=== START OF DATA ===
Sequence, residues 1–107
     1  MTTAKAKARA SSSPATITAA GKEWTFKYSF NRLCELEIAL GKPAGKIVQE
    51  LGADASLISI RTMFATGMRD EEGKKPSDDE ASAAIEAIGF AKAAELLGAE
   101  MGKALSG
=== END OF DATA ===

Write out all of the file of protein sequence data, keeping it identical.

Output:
Sequence, residues 1–107
     1  MTTAKAKARA SSSPATITAA GKEWTFKYSF NRLCELEIAL GKPAGKIVQE
    51  LGADASLISI RTMFATGMRD EEGKKPSDDE ASAAIEAIGF AKAAELLGAE
   101  MGKALSG